No Thanks for 'Sharing' at the Opera House

Friday, January 18, 2013 - 01:44 PM

Statler and Waldorf share the stage left balcony box in the Muppet Theater Statler and Waldorf share the stage left balcony box in the Muppet Theater

Recently, at a beautiful performance of Les Troyens at the Met, a man and a woman two rows behind me and across the aisle spent much of the 95-minute second act in conversation about the performance and, perhaps, other things I did not hear. They spoke audibly enough that I had to work very hard to not hear them—and I really wanted to hear Susan Graham as Didon.

I turned around often, hoping to catch their attention and to gently, politely indicate that their discussion was not only audible but bothersome. No such luck, as they were leaning close to one another so they would catch every word the other said.

At the intermission I went to kindly ask if they would stop talking during the performance. The woman seemed startled that I would bring this up and said, “First thing, I apologize for talking. But at most we only said a couple of words.” Thus began a surreal exchange:

Fred: “Sorry, but I heard you and saw you both talking for much of the act." The two people in the row behind them nodded in agreement.

Woman: “We did not talk...”

Fred: “Really, you were talking the whole time. I saw you leaning toward one another and talking.” The two people in the row behind them nodded more insistently.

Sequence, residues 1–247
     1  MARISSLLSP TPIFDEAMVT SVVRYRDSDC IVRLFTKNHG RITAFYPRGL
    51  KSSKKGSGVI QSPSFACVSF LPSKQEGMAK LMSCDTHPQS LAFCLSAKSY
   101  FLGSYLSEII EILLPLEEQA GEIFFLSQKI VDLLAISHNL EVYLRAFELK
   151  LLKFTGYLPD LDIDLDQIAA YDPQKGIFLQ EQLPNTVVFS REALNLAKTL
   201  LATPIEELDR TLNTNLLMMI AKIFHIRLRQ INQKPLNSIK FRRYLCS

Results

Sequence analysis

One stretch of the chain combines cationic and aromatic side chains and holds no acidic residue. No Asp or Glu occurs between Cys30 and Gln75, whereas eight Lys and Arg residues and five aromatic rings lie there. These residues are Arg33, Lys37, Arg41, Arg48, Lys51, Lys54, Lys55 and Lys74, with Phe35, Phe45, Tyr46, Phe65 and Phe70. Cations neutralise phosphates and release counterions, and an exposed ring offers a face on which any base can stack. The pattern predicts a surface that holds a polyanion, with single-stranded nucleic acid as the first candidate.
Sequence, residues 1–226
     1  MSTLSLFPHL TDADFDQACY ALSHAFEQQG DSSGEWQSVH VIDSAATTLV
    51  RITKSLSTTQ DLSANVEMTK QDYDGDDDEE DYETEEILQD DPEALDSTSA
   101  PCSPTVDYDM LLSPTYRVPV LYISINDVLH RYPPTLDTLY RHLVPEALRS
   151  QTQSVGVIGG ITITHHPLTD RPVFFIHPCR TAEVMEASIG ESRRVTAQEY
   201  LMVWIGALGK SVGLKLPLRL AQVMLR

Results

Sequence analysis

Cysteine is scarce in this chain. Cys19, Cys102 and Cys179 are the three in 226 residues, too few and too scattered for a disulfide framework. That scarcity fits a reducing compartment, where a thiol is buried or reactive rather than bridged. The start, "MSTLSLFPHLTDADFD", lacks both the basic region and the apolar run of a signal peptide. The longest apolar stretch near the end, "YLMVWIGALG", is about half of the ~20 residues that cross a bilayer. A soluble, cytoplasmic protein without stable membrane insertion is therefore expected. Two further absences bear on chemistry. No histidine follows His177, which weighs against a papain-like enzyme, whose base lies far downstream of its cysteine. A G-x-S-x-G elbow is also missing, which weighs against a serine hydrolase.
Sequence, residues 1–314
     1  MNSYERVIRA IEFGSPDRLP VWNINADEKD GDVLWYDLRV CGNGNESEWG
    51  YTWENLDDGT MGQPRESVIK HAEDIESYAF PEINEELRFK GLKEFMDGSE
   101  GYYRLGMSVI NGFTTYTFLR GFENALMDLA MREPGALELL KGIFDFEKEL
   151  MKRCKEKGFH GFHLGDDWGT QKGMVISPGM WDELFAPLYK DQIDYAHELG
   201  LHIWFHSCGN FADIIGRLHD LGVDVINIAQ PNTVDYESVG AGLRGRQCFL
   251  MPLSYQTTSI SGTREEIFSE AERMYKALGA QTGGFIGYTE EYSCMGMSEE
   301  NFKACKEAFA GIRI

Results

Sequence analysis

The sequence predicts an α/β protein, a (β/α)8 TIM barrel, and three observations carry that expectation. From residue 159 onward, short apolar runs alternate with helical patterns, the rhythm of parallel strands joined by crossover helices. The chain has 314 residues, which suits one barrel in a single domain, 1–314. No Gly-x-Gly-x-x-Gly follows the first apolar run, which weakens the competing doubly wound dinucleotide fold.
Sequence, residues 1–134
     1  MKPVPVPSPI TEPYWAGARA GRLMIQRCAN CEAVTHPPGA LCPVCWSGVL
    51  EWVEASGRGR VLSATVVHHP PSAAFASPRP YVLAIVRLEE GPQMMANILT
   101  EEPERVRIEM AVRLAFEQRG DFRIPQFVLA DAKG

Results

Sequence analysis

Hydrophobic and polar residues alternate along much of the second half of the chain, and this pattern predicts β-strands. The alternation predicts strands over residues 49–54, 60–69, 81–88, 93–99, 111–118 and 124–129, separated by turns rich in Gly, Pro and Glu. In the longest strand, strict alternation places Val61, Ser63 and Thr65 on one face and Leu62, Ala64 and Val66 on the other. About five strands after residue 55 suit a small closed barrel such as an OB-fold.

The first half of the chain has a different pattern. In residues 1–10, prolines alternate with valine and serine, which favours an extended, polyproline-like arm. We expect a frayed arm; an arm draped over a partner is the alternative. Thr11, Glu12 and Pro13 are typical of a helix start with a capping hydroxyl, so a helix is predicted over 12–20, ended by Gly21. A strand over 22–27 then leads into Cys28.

Woman: “We did not talk. We were sharing our feelings.” The two people in the row behind them dropped their jaws and shook their heads in mimed disagreement.

Friends, New Yorkers, Opera Lovers Everywhere...lend me your ears. Do I really need to explain why people should not engage in extended conversations at the opera or at any sort of public event in which you are part of an audience and someone else is doing the singing, speaking or playing? I think not.

Lest you think, those of you reading this in some more civilized place, that such a thing would not transpire where you live, I hasten to tell you that this couple were not New Yorkers or, for that matter, even from the Western Hemisphere. Based on their accent, I have a pretty good idea where they are from. Suffice it to say that they came from somewhere north, east or south of Vienna. The woman then pursued the topic further than I would have wanted: "In my country, we always share our feelings during opera performances.”